A recent decision of the High Court has reinforced the principle that websites can be forced to reveal the identities of anonymous posters of defamatory messages.

Allegedly defamatory statements about two AIM-listed oil companies and their management, Nighthawk Energy and Nostra Terra Oil and Gas, had been posted on bulletins boards by anonymous posters. The companies claimed that the comments about the companies and their management were untrue and extremely damaging.

The High Court granted the court orders forcing bulletin board operators, Interactive Investor (iii) and ADVFN, to provide the identity of the individuals who anonymously posted the comments about the companies. It was noted by the court that false messages are often posted deliberately by people to try and profit from rises or falls in a company's share price. As a result of the court orders the individuals' identities have been provided to the two oil companies, who are considering whether to take action against the individuals for defamation.

This case echoes that of Sheffield Wednesday Football Club Limited and others v Neil Hargreaves in 2007 in which the High Court ordered the owner of a football club fan website to disclose the identities of four users of the website in relation to the posting of allegedly defamatory statements regarding the football club's management. In that case, the High Court set out some clear guidelines as to when a court can require a website operator to disclose the identities of posters of defamatory messages. In reaching its decision the High Court took into account the gravity of the defamatory allegations, the fact that the directors of the football club did not have any other means of discovering the identities of the website users, the website's restrictions on the use of defamatory language and the fact that the website operator did not have a confidentiality policy for website users.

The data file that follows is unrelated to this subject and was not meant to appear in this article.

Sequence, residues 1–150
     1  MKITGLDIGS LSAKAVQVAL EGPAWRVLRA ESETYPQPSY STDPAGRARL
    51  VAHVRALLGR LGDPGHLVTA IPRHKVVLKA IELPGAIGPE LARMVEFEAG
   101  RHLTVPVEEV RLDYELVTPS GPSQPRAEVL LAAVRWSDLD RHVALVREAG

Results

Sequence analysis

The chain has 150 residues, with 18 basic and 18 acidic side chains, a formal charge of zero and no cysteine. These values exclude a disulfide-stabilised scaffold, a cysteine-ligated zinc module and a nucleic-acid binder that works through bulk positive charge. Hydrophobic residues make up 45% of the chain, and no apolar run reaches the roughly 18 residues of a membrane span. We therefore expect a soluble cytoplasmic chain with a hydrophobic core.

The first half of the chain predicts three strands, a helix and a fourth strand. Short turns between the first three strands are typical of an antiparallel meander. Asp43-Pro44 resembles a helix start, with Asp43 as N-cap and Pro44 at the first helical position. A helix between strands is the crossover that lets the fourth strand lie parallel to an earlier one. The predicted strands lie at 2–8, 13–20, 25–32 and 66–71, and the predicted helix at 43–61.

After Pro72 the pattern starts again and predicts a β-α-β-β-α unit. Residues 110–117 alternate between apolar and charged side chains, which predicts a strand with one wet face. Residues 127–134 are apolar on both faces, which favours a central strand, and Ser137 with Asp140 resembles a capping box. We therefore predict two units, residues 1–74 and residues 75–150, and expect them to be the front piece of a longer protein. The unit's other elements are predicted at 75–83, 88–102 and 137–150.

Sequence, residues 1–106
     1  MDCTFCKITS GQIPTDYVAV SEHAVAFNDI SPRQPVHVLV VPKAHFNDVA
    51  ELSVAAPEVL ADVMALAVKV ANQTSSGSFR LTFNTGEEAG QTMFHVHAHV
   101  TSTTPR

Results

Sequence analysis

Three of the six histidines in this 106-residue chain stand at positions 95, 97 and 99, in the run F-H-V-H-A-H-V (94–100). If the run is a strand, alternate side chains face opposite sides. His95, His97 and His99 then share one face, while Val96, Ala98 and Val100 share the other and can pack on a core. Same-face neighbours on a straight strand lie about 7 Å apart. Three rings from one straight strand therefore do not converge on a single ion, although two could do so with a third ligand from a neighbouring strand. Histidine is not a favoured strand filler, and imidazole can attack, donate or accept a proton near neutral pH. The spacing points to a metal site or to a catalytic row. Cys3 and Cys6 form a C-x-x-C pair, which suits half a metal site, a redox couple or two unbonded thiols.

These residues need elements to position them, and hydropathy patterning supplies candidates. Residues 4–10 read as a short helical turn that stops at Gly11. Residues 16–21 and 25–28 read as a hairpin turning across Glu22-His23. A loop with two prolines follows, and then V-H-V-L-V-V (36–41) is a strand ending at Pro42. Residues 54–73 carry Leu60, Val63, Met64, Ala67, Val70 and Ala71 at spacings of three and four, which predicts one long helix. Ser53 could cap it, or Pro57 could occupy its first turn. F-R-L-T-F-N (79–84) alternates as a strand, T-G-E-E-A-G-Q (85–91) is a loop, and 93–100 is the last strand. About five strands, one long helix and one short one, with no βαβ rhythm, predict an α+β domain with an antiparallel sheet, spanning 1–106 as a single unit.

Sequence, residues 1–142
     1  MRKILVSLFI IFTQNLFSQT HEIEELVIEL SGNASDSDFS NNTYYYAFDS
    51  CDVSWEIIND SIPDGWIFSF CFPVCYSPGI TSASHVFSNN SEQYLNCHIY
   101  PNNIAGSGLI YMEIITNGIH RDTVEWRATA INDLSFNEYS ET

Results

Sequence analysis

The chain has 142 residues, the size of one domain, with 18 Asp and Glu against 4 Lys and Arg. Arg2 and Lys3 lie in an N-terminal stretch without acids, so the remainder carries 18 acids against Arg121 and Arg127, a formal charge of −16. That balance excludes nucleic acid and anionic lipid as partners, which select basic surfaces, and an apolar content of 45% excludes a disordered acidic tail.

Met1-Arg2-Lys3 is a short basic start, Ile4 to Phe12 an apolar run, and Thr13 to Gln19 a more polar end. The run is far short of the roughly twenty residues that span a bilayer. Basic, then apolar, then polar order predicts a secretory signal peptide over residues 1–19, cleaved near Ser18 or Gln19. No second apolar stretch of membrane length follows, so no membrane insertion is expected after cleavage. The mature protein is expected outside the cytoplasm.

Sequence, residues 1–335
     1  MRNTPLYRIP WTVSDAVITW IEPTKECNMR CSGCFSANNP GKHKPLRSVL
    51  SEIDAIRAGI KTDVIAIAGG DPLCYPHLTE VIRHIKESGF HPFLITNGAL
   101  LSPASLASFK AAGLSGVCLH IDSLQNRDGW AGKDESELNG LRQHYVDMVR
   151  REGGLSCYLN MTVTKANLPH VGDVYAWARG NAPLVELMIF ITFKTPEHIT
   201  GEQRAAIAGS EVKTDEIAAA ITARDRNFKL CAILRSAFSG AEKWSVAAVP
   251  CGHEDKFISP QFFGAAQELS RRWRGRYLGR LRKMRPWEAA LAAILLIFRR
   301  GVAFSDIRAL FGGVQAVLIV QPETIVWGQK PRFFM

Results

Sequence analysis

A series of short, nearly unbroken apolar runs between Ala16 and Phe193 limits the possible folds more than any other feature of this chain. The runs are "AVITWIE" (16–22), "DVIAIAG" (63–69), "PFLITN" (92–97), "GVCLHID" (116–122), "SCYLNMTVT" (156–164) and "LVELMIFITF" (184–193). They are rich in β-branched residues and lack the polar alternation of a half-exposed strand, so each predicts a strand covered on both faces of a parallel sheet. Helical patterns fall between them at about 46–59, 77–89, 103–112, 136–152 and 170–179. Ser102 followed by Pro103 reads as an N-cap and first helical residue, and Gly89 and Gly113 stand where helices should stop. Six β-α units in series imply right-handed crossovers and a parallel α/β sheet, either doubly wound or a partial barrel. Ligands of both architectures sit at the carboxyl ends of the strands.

Due to the gravity of the defamatory allegations the High Court held that the right of the website users to maintain anonymity and express themselves freely was outweighed by the directors' entitlement to take action to protect their reputations. That case illustrated that the courts will not reach a decision to require disclosure lightly, as it will have an impact upon an individual's rights of privacy and freedom of expression.

Court orders obliging websites to disclose the identities of users posting anonymous defamatory remarks began in 2001. The operators of websites have protection from having to disclose information about anonymous posters under confidentiality laws and the Data Protection Act 1998. However in certain circumstances the courts can make orders which require the disclosure of the identity of wrongdoers and this latest case reaffirms this position.